“I just thought that for the last show it would be appropriate to have some public radio people on,” he said.

Edwards, who is 67, definitely wants to keep working. Would he like to return to public radio?

“If someone wants me, that would be wonderful. I’ve got a lot left,” said Edwards.

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  • kim nesvig

    I’m sorry to learn that Siruius has opted to cease production of the Bob Edwards Show. I’m sure ther are many thousands of interesting conversations in the archive, I will miss the fresh and timely content. Bobs show was one of the major reasons I subscribed to satellite radio.

  • berky2010

    I wish Bob all the best in his future endeavors. I’ve been listening to him at least since Morning Edition. I just love his voice and his interviewing style. Hope he turns up somewhere else!

  • Alfonso

    When I 1st joined XM, they had shows “Harlem” “Sunset Strip”, “Marty Stuart” “Bob Edwards” “Theme Tyme Radio” etc…! XM has become just music, I can stream these freely on the internet now So why am I paying a monthly bill? Good Luck Bob I’ll be looking for you on free radio

  • Lee

    My public radio station just started carrying one hour of Bob Edwards weekend recently. It plays on Sunday evenings and makes me feel very calm and restful, as we are getting ready to start a new week. Good Luck, Bob.

  • Barry Robert Benton

    Bob Edwards interviews are flawless, reflecting strong preparation and his intelligence. I love Bill Maher, but if you want an ugly contrast, watch or listen to Bill interview guests.

  • A Reader

    HIs interviews were always on point and concise. He is the best.

  • Carla

    Deeply saddened. Bob Edwards is one of a kind.

  • cranklet

    Without Bob Edwards, there’s little reason to keep my subscription to XM radio.

  • lilgrundoon

    We’re deeply saddened. My wife and I each have XM in our vehicles and we miss Bob terribly. He was our favorite interviewer. We’re trying to decide whether or not to continue our subscriptions.

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  • Linda J B

    I am very saddened about the cancellation of The Bob Edwards Show. His show ,with in depth discussions and information, has enriched my life and those of others. I can’t tell you how many of his broadcasts that I have recommended to family and friends. The new programming replacing the show doesn’t hold a candle to the quality of The Bob Edwards Show. More and more I am listening less and less to the Sirius XM station that used to broadcast him. As my auto insurance agent once said to me when selecting an auto body shop for accident repair, “Cheaper isn’t necessarily better.” And in this case, that statement rings so clear. You certainly can’t put a price on The Bob Edwards Show. It’s worth too much.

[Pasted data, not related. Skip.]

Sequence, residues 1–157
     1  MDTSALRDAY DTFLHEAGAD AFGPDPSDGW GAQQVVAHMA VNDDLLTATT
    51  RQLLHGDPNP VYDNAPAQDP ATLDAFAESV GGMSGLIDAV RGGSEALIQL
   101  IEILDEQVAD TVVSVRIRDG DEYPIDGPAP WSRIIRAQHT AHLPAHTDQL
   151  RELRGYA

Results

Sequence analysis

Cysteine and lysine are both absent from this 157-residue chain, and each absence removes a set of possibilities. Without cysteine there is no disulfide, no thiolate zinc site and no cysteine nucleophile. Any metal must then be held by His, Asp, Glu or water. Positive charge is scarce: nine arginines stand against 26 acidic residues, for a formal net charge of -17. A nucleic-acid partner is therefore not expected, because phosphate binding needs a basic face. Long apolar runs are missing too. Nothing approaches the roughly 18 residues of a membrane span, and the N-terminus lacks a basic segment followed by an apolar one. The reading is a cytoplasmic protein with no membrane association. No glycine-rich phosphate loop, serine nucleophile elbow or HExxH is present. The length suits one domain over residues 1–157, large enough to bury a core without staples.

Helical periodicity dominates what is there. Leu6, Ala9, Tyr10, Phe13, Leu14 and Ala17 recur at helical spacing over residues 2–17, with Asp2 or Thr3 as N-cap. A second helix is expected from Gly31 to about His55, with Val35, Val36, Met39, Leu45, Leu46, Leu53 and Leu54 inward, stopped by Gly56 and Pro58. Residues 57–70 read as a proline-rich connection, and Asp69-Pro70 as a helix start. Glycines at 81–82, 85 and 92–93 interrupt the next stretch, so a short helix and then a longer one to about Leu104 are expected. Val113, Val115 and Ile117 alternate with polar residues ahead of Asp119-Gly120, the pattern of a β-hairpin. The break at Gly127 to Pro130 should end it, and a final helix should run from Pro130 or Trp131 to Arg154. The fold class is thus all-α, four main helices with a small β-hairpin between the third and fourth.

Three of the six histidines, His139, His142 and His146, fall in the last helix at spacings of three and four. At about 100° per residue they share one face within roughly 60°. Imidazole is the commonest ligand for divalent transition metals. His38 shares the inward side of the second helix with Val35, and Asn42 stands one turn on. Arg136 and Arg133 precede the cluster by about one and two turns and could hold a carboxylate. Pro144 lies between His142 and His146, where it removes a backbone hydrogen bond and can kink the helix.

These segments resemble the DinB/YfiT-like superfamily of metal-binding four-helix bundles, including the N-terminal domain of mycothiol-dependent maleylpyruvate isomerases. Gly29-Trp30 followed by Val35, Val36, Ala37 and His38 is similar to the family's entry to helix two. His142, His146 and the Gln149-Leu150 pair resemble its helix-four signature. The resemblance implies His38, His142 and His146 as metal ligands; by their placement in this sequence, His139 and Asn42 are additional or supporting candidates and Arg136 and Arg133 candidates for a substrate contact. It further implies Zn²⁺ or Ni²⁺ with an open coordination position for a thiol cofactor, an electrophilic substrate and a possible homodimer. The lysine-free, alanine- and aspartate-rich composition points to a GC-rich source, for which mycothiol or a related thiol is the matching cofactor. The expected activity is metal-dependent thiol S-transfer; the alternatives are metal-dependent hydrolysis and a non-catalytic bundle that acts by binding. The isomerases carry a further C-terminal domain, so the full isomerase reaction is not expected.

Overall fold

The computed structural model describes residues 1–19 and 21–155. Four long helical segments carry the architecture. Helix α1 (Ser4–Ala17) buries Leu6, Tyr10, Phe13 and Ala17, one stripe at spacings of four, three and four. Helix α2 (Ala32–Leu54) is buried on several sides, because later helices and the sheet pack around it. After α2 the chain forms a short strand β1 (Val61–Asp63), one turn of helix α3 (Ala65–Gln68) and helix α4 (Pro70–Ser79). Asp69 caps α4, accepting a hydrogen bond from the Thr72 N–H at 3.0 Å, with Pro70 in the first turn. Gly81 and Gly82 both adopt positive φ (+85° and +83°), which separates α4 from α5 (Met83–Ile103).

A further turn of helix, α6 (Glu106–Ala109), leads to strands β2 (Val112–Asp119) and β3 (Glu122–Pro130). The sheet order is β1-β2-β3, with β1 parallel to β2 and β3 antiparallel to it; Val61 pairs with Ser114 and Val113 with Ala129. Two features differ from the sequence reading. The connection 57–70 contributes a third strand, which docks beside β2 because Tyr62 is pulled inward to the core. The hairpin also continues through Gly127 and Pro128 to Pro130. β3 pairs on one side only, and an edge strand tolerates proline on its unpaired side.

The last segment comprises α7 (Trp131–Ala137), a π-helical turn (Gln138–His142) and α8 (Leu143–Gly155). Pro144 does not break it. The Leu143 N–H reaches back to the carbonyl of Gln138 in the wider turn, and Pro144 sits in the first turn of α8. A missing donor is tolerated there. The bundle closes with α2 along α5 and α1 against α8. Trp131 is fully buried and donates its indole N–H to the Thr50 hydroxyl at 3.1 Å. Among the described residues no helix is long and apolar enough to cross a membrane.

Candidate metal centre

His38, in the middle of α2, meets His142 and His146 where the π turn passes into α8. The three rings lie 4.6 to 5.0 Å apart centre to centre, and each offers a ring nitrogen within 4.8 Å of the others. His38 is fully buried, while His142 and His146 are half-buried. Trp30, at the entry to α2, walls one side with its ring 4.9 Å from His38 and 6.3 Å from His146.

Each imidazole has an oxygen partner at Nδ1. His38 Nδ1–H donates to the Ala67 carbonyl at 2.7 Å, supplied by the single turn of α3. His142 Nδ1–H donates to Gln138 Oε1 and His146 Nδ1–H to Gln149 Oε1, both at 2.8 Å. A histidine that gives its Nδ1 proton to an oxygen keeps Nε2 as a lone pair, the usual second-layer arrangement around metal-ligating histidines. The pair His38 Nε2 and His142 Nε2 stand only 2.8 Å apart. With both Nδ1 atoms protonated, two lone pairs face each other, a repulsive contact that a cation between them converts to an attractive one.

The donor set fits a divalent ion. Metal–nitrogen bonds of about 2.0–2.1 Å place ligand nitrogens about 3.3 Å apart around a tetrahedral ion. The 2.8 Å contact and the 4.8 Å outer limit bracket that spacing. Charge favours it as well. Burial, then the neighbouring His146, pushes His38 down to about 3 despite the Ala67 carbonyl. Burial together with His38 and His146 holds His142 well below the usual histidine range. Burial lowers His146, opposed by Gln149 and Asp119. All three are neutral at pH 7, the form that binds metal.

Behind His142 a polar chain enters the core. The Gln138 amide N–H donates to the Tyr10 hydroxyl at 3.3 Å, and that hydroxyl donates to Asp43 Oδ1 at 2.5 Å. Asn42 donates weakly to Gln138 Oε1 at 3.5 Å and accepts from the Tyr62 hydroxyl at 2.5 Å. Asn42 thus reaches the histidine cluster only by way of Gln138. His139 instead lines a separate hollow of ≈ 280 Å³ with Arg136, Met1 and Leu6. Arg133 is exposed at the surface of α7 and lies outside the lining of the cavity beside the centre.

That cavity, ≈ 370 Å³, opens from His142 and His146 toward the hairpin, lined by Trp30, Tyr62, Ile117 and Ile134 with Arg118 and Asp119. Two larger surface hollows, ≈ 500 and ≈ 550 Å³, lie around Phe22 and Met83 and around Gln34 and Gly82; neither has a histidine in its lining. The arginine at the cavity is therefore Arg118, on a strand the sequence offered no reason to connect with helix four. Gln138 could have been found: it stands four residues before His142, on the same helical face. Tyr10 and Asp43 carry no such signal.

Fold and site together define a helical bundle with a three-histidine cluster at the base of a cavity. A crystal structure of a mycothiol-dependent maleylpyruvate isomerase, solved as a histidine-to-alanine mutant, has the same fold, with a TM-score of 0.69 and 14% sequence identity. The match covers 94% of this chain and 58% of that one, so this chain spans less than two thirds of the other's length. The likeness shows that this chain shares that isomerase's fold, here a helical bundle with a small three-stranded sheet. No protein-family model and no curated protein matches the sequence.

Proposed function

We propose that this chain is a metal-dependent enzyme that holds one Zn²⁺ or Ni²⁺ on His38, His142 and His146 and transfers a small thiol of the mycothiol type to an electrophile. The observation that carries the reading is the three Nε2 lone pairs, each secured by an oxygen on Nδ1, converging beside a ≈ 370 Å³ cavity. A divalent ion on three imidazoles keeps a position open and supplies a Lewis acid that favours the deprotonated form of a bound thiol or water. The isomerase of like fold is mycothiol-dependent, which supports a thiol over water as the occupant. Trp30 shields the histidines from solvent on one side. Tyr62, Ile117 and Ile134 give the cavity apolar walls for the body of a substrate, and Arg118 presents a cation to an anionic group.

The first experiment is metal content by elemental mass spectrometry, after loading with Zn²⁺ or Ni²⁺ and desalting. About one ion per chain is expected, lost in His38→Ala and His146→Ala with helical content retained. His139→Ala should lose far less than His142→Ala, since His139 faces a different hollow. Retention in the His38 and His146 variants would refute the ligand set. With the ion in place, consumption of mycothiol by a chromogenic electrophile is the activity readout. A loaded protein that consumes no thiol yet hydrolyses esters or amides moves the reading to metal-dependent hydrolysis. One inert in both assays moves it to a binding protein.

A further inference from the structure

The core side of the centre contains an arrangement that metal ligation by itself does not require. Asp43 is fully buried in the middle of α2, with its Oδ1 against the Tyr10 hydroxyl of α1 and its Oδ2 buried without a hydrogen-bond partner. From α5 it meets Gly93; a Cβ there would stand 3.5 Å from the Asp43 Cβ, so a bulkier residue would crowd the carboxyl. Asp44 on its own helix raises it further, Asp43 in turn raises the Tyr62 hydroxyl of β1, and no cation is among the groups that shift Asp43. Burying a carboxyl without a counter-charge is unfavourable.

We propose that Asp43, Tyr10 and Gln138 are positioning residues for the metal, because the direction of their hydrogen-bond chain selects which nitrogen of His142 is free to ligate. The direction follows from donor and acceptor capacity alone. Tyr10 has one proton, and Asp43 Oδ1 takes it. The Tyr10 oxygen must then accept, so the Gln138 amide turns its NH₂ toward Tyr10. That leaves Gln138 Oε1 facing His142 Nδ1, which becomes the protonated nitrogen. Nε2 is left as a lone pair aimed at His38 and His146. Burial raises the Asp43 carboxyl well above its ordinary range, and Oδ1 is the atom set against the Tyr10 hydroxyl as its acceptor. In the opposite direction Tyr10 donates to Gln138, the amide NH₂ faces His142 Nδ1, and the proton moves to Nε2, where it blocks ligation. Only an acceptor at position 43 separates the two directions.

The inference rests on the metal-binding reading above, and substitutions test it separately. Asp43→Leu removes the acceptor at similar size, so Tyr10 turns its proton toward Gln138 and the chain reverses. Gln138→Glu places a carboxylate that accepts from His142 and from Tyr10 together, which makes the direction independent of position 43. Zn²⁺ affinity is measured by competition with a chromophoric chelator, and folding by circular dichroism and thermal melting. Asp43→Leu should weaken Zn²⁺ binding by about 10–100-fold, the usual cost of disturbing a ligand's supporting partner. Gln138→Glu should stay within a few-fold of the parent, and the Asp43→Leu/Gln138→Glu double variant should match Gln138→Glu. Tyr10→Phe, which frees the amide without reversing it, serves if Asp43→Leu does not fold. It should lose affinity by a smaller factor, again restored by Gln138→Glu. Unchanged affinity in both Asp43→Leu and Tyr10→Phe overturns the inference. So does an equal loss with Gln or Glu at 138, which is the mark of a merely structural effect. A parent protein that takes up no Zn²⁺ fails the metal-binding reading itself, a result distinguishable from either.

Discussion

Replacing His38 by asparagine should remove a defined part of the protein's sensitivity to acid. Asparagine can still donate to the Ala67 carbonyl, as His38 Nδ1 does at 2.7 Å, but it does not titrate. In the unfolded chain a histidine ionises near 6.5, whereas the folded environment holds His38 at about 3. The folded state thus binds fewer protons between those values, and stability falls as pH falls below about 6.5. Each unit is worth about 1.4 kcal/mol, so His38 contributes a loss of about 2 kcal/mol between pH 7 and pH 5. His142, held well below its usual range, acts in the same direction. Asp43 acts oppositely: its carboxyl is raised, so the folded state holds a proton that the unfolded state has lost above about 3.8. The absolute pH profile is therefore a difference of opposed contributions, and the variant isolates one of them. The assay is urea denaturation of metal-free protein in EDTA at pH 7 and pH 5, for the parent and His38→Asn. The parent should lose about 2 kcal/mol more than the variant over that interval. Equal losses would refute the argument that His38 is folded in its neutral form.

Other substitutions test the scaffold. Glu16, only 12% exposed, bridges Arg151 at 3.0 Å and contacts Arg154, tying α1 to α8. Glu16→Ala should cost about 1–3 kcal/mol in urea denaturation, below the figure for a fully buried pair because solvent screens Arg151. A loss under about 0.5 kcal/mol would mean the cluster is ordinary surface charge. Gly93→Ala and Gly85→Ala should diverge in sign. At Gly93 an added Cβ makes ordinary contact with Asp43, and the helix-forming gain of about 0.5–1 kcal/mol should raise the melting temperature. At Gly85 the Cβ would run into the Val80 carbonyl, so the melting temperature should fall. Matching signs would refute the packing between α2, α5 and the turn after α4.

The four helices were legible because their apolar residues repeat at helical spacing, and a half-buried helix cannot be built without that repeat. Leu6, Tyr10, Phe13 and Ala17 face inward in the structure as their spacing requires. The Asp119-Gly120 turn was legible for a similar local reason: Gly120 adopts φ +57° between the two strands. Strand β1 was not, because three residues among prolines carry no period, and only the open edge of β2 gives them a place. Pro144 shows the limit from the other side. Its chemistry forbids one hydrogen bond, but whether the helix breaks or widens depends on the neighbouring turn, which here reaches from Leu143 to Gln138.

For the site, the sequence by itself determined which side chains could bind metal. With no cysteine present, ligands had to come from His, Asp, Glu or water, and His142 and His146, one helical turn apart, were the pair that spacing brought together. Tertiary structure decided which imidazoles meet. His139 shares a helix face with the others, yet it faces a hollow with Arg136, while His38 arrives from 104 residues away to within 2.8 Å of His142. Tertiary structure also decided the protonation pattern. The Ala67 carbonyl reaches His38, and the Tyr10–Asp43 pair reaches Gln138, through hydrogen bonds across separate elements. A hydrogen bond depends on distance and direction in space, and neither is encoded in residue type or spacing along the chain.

• Ellen

    BIG, BIG mistake to stop Bob Edwards. Insight is a lousy substitute!!! XM is dumbing down it’s programming significantly. No value any longer


    What! Are you kidding me! Bob Edwards BY FAR does the best interviews on talk/news radio. Bob Edwards BY FAR has the most entertaining, enlightened and interesting guests. WTF! I just found him and now I’ve lost him. Will there by archives? The interview with Paul Ruddnick yesterday morning (9/14/15) left me happy and laughing. I sat in my car at work not wanting to leave it. Way to go Siruius! We all want more trash talk shows by people like Jenny McCarthy and Lance Bass. Who’s going to get their next talk show with you – Courtney Love?

    • Unfortunately it looks like their website doesn’t have audio of any archived shows.

      • Free audio is available of some of the “special” episodes here: . sells all past episodes as well. The Bob Edwards Weekend podcast was discontinued. I hope he will do a new show with PRX, APM, or some other non NPR network.

  • Claudia Lange

    Very short sighted decision on the part of XM radio. In depth content is so rare and satisfying, unlike the superficial, dismissive 140 character world we live in today. That mindset is not sustainable for the long term.

  • Heartbroken

    This is such a sad day. I feel physically ill because of this. How could you?

  • Ben

    XM is increasing cost and, with Bob’s departure, reducing quality. Not a formula for me to renew my subscription. I’m out.

  • Susan

    I signed up for XM radio because of Bob Edwards and his thoughtful interviews. Insights should instead be called “programs for dummies.”

  • megrittgers

    I just realized that Bob Edwards is not on a “break, but no longer on Insight – the only reason I listened to their programming. I have switched to spending my morning drive with Terry Gross on NPR.
    Insight has terrible, awful sounding programs. I am considering ending my sirius subscription to stream Bob Edward’s podcast. Terrible decision!